Bruce Fountain - Licensed Marriage and Family Therapist  

Bruce A. Fountain
101 Redlands Blvd
Suite 200
Redlands, CA 92373
(909) 792-9797

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Bonding Helps Create Intimacy


Couples argue about a variety of issues. Child rearing, finances, and household responsibilities are a few. Sex is a major source of upset for many couples. A warm, loving relationship can be greatly enhanced by a satisfying sex life. However, without safety, respect and support major arguments and painful distancing can occur.

One of the reasons that couples have problems negotiating a happy sex life is that men and women often look at sex from different perspectives. Women seem to look at sex from a process point of view and men see sex from a results point of view. To explain this we need to listen to what some women have said about sex. Some have said they have felt like objects. It seems that their partner is only interested in them when they want sex. This usually leads to feeling used and unloved and ultimately to the rejection of sex all together. In turn, men feel rejected and angry.. Women seem to be much more interested in sex when they feel safe, supported, and respected.

I know there are exceptions, but men do not seem to need to feel the same support to be interested in sex. They tend to feel close, loved, and cared for during sex whether or not they felt emotionally close before sex. Most men do love their spouses and respect, support and care for them. However, they forget to pay attention to the process and instead focus on the end result.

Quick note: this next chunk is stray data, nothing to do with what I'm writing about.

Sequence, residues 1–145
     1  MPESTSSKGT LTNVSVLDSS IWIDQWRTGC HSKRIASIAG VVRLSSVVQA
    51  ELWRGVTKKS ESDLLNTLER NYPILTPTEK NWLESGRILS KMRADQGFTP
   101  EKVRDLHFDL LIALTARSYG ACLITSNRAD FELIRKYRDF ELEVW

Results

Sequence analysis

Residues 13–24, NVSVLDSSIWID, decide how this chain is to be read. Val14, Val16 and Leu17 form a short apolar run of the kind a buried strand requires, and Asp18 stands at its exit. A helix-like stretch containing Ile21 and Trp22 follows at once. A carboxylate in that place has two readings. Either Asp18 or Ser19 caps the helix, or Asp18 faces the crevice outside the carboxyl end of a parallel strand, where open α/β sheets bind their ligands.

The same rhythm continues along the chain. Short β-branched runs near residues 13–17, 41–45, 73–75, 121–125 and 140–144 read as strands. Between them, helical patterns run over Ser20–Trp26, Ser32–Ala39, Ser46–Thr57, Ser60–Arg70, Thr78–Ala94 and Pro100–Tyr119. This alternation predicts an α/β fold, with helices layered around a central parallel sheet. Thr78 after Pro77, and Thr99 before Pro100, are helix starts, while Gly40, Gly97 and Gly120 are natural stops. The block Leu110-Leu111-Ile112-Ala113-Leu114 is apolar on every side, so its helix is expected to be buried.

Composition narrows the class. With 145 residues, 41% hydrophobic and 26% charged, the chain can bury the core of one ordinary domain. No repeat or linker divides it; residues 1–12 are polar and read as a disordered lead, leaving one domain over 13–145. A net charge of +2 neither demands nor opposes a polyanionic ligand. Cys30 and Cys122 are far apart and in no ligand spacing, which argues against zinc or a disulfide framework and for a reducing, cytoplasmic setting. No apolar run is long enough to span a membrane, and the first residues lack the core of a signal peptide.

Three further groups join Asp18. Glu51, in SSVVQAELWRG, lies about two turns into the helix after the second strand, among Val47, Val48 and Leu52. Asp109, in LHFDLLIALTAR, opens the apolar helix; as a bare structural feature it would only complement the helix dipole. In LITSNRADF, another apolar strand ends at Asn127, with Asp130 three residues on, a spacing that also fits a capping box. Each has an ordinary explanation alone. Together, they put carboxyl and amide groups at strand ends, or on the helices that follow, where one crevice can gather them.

Women have said often that they need a lot of non-sexual affection before they can feel interested in sex. They need to see a demonstration of love through actions. They are interested in a process involving communication, eye contact, date nights, hand holding, cuddling, laughing, fun and shared responsibility. One women said a big turn on for her was when her husband took charge of their date night. He planned where they were going to eat and what show they were going to see. It frustrated her when they went back and forth. “Where do you want to go?” was followed by , “I don't care. Where do you want to go?” When she was able to tell him that taking charge allowed her to relax and feel taken care of, it made a huge difference.

Unfortunately, men and women often have a hard time discussing sex and what they need. What results is resentment and distancing which can harm the relationship. When a man is able to ask a woman what she needs and then tries his hardest to give that to her it leads to clear understanding and closeness. One couple found it very helpful to develop a menu of things they need and enjoy. From back rubs to reading to each other, each item on the menu was mutually agreed upon and helped form the basis of a very healthy sex life. Sex was one part of the process. It was not the end result. It was an appetizer not the main course.

Stress can have a negative affect on sexual desire as well. Some households split chores and responsibilities fairly. Both couples have duties that contribute to the smooth operation of the household. In a large number of relationships, the woman works and does the majority of the housework, and child-rearing. One woman said, “At the end of the day the last thing I want to do is one more thing for someone else. I would feel more interested in intimacy if he would help out more around the house.” Folding clothes, helping with the homework, vacuuming, washing dishes, and putting the kids to sleep may lead to a happier sex life.

You may not always agree with each other but you can find mutual solutions. Remember to express your needs and ask for them clearly. Work through your differences gently and keep a positive attitude.

Bruce A. Fountain, MS is a licensed marriage and family therapist. He has a practice in Redlands, CA and can be reached at (909) 792-9797 or via e-mail at © 2006-2010